Angular and Momentum Resolution of the ASTRAIOS 190 2D-CMOS
During the acceptance tests at customer's site, our ASTRAIOS 190 2D CMOS analyser has proven its superior electron imaging quality. The ARPES data show perfect parallel lines of 0.18° width. The angular resolution is better than 0.07°.
In todays blog post we are proud to share some recent experimental results demonstrating the superior electron imaging quality of the ASTRAIOS 190 2D-CMOS analyzer. The ASTRAIOS combines a wide acceptance angle lens with a single shifting electrode, that accepts electrons within an emissions cone of up to ± 30°, in an angular resolved mode, with an excellent angular and momentum resolution. This unique combination makes it the perfect tool for the most demanding angular-resolved photoemission spectroscopy (ARPES) experiments.
The first figure contains data taken from a test aperture generating a distinct emission pattern of electrons emitted by a Mo wire once illuminated by an electron gun. The test aperature is shown at the bottom of the figure. Considering the small but finite size of the emission spot and the size of the test slits, a pattern of 15 parallel stripes with an angular width of 0.17° each and a maximum emission angle of ±16° is generated. The corresponding ARPES data (left panel of the figure) show perfectly parallel lines with a width of 0.18°, leading to an angular resolution of the ASTRAIOS being better than 0.07°.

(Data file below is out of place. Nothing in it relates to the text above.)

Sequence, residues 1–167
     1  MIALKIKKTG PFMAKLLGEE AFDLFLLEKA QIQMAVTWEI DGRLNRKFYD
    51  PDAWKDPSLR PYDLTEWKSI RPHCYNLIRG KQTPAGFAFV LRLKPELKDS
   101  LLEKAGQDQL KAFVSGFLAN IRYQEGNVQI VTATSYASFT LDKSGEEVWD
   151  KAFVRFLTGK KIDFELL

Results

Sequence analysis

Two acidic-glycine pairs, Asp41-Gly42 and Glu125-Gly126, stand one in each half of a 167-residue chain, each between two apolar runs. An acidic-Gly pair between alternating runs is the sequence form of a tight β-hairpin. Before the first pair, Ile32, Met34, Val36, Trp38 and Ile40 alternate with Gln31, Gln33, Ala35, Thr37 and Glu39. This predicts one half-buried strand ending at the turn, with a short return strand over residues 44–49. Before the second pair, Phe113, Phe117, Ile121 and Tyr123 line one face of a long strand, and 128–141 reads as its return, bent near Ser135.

Such experiments are essential to specify the analyzer performance. But finally experiments resulting in band structure measurements like those performed in laboratories and synchrotrons all over the world are of real scientific interest to customers and users of such analyzers.
Thus here, we demonstrate the excellent imaging properties of the ASTRAIOS demonstrated using ARPES data taken on Graphene/SiC at room temperature with a small spot lab-based UV source operated at He II excitation energy (40.81eV). Different cuts through a 4-dimensional data set are shown. In the left panel we see a constant energy cut slightly below the Fermi level of the sample and above its Dirac energy. We measure a FWHM of the Graphene bands of 0.005 Å-1. Assuming that the momentum width of this band is on the order of the analyzer k-resolution, we get a real-life k-space resolution of <0.003 Å-1. This data has been taken at a customer site during the site acceptance test experiments.
More exciting data have been taken and will be posted as news during the following weeks. Stay tuned.